Harshi Dhingra is a licensed medical doctor with specialization in Pathology. She is currently employed as faculty in a medical school with a tertiary care hospital and research center in India. Dr. Dhingra has over a decade of experience in diagnostic, clinical, research, and teaching work, and has written several publications and citations in indexed peer reviewed journals. She holds medical degrees for MBBS and an MD in Pathology.
Neuromyelitis optica spectrum disorder (NMOSD) is a chronic disease involving the brain and spinal cord, characterized by optic neuritis and myelitis.1 NMOSD was formerly thought to be a variant of multiple sclerosis (MS); however, since the identification of highly specific NMO immunoglobulin G (NMO-IgG), which is an autoantibody against the most abundant astrocytic water channel, aquaporin-4 (AQP4), NMOSD is now considered to be separate from MS.2
NMO-IgG/AQP4 antibodies are found in up to 80% of patients with NMOSD.3 The AQP4 protein is found on the foot processes of astrocytes. Astrocyte depletion and blood-brain barrier breakdown may develop when the IgG antibody binds to the AQP4 antigen, initiating complement-mediated inflammatory processes.4
NMOSD Genetic Factors
NMOSD is usually a sporadic disorder. The identification of a minimum of 3% of familial cases is important because of the rarity of the disease. Recent data on familial segregation are most compatible with non-mendelian polygenic inheritance.5
It is plausible that NMOSD is triggered by a number of genes. The human leukocyte antigen (HLA) gene complex has been linked in a few studies. Following identification of the anti-AQP4 antibody, the DPB1*0501 allele was shown to be linked to NMOSD in Japanese and southern Han Chinese, whereas the DRB1*03 allele was found to be linked to NMOSD in Caucasians, implying genetic differences. In addition, the DPB1*0501 allele is associated with anti-AQP4-positive cases of NMOSD. Specific genetic determinants of anti-AQP4–negative NMOSD have not been discovered to date.2
Studies of non-HLA genes, including the cholesterol 7-hydroxylase (CYP7A1) gene, the interleukin 17 receptor gene, and the CD226 gene, have yielded heterogeneous results across various studies and various populations.4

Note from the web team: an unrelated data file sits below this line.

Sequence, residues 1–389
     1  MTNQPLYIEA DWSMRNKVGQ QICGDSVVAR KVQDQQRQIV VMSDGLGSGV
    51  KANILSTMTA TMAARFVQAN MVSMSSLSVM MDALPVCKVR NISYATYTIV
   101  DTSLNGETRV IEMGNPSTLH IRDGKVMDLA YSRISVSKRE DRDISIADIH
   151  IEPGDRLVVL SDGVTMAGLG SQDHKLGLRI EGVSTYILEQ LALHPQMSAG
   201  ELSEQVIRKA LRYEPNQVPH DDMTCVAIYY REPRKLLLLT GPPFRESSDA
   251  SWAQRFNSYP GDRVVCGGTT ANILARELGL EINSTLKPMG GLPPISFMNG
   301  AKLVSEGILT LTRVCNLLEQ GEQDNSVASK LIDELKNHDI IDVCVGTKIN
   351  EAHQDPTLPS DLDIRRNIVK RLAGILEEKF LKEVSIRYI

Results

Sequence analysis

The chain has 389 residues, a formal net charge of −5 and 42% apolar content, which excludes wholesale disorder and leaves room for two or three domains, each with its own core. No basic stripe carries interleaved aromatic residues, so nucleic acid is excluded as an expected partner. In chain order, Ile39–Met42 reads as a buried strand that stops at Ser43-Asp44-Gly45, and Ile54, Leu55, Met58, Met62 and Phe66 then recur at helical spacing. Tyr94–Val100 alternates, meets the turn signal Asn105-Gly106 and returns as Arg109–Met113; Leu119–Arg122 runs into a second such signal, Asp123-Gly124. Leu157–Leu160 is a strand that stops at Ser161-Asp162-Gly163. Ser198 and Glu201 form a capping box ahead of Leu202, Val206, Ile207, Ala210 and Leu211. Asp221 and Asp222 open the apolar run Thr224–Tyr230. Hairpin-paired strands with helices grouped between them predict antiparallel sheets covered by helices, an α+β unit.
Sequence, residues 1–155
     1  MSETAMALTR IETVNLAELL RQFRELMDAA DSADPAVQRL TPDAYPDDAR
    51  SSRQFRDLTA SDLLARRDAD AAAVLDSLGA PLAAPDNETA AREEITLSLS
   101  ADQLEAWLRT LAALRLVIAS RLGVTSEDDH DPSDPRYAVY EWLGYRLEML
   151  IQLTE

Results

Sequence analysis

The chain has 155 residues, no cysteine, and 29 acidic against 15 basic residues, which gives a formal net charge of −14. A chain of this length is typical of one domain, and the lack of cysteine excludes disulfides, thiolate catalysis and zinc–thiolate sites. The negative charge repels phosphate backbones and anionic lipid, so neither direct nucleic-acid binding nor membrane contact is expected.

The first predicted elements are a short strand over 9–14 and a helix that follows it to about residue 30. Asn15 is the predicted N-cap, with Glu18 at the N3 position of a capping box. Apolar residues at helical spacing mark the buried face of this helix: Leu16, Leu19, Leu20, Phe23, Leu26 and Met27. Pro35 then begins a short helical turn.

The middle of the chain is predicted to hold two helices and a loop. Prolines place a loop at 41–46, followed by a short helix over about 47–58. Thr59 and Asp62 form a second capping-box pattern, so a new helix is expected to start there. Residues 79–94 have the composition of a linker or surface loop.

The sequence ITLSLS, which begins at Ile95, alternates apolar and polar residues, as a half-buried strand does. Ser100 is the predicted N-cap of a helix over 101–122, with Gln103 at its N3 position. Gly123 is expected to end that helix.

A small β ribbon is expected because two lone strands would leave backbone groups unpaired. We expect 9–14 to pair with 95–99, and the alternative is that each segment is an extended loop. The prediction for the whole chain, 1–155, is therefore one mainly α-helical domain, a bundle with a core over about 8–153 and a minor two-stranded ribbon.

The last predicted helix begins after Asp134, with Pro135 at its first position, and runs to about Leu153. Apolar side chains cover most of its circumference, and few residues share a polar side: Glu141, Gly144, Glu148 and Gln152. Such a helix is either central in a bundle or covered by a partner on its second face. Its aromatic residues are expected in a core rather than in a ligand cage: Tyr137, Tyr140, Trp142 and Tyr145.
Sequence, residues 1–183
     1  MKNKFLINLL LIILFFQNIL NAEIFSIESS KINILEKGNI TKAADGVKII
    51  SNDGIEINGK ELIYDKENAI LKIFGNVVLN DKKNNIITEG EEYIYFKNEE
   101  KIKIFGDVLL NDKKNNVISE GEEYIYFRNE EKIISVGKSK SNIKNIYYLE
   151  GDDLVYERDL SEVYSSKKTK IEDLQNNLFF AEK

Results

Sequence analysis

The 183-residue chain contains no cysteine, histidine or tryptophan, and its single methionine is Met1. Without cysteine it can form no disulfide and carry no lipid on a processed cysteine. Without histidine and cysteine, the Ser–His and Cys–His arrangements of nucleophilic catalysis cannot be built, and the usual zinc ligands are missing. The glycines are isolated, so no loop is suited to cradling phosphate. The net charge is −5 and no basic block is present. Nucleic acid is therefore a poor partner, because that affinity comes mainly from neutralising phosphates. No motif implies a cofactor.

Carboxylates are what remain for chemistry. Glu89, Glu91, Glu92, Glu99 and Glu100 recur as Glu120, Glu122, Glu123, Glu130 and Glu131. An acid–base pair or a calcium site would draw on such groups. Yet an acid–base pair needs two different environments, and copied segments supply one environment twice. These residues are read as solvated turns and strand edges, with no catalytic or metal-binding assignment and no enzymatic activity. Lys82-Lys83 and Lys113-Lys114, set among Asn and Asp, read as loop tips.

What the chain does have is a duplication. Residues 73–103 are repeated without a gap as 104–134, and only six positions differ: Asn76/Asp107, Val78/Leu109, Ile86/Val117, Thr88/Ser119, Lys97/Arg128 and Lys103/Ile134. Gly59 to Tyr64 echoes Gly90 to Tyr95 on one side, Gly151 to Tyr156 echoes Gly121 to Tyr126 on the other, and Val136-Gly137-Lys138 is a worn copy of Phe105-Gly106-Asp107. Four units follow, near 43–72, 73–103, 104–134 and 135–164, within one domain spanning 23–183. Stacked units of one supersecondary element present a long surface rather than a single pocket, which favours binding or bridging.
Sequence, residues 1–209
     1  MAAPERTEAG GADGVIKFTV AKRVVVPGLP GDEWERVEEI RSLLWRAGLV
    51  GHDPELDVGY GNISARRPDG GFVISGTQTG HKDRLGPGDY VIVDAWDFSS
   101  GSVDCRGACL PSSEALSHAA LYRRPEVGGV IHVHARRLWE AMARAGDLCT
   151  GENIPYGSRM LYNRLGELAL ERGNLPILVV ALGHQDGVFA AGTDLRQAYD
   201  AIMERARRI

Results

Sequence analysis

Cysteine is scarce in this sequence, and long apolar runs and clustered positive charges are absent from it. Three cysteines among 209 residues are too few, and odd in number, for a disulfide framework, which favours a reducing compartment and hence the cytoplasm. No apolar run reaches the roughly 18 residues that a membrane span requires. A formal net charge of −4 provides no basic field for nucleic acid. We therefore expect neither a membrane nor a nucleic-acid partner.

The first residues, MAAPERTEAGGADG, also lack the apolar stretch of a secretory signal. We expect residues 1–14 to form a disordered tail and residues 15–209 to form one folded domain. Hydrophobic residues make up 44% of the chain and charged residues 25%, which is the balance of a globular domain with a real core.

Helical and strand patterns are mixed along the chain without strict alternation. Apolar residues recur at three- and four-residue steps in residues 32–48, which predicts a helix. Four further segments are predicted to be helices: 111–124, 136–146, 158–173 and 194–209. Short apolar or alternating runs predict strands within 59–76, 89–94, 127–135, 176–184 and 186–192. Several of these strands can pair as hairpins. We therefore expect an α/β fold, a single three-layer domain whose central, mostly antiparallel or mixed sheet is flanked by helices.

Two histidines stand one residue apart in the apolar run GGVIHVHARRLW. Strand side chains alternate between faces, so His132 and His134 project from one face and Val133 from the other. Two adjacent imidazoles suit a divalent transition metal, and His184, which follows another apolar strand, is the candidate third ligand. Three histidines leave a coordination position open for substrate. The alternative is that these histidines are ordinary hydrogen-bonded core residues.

Studies of AQP4 polymorphisms and their relation to NMOSD have also shown mixed results. In a small Chinese cohort, a single nucleotide polymorphism (rs151244) in the AQP4 gene promoter area was recently found to be linked to NMOSD.4
Autoimmunity in NMOSD
A link has been found between a personal or family history of autoimmune disease and NMOSD, observed in approximately half of cases. Although the actual etiology of autoimmunity in NMOSD is not known, NMOSD is considered to be an autoimmune disorder.1 It is frequently associated with other systemic autoimmune conditions, such as autoimmune thyroid disease, systemic lupus erythematosus (SLE), and Sjögren syndrome (SS), and with a related profile of non–organ-specific autoantibodies. However, in individuals with systemic autoimmunity, elevated levels of autoantibodies, notably AQP4-IgG, cannot explain the association of NMOSD with SS and SLE. Patients who have SS and SLE without optic neuritis or myelitis are routinely found to be AQP4-IgG seronegative.5,6
Tumors and Paraneoplastic syndromes
It is unclear what causes the development of AQP4-IgG antibodies in patients with cancer, but it has been hypothesized that antibody formation represents an immune reaction against cancer. As a result, in individuals with NMOSD, particularly elderly patients, the possibility of underlying cancer should be investigated.7 In rare cases, NMOSD may manifest as a paraneoplastic syndrome. AQP4-IgG antibodies have been implicated in the pathogenesis of paraneoplastic NMOSD, although the clinical value of this finding and the specific mechanisms involved are yet to be established. Therefore, the possibility of a paraneoplastic etiology in cases of NMOSD in elderly persons should be kept in mind.7
- Neuromyelitis optica spectrum disorder. National Organization for Rare Disorders (NORD). Accessed October 13, 2021.
- Liu QB, Li ZX, Zhao GX, Yu H, Wu ZY. No association between identified multiple sclerosis non-MHC risk loci and neuromyelitis optica. Neurosci Bull. 2014;30(6):1036-1044. doi:10.1007/s12264-013-1457-1
- Jarius S, Wildemann B, Paul F. Neuromyelitis optica: clinical features, immunopathogenesis and treatment. Clin Exp Immunol. 2014;176(2):149-164. doi:10.1111/cei.12271
- Wei Q, Yanyu C, Rui L, et al. Human aquaporin 4 gene polymorphisms in Chinese patients with neuromyelitis optica. J Neuroimmunol. 2014;274(1-2):192-196. doi:10.1016/j.jneuroim.2014.07.003
- Weinshenker BG, Wingerchuk DM. Neuromyelitis spectrum disorders. Mayo Clin Proc. 2017;92(4):663-679. doi:10.1016/j.mayocp.2016.12.014
- Pittock SJ, Lennon VA, de Seze J, et al. Neuromyelitis optica and non organ-specific autoimmunity. Arch Neurol. 2008;65(1):78-83. doi:10.1001/archneurol.2007.17
- Yuan J, Jia Z, Qin W, Hu W. Paraneoplastic neuromyelitis optica spectrum disorder associated with breast cancer. Clin Interv Aging. 2019;14:1039-1044. doi:10.2147/CIA.S202102
Reviewed by Kyle Habet, MD, on 10/18/2021.